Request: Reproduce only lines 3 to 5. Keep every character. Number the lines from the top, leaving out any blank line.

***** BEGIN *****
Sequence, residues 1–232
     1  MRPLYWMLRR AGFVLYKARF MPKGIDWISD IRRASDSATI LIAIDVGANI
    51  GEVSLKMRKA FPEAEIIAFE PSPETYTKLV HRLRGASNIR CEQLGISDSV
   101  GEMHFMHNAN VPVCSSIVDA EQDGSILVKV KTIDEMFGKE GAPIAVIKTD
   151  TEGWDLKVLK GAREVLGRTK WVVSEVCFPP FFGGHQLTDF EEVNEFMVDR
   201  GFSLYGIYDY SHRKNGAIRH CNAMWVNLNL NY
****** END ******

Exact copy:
    51  GEVSLKMRKA FPEAEIIAFE PSPETYTKLV HRLRGASNIR CEQLGISDSV
   101  GEMHFMHNAN VPVCSSIVDA EQDGSILVKV KTIDEMFGKE GAPIAVIKTD
   151  TEGWDLKVLK GAREVLGRTK WVVSEVCFPP FFGGHQLTDF EEVNEFMVDR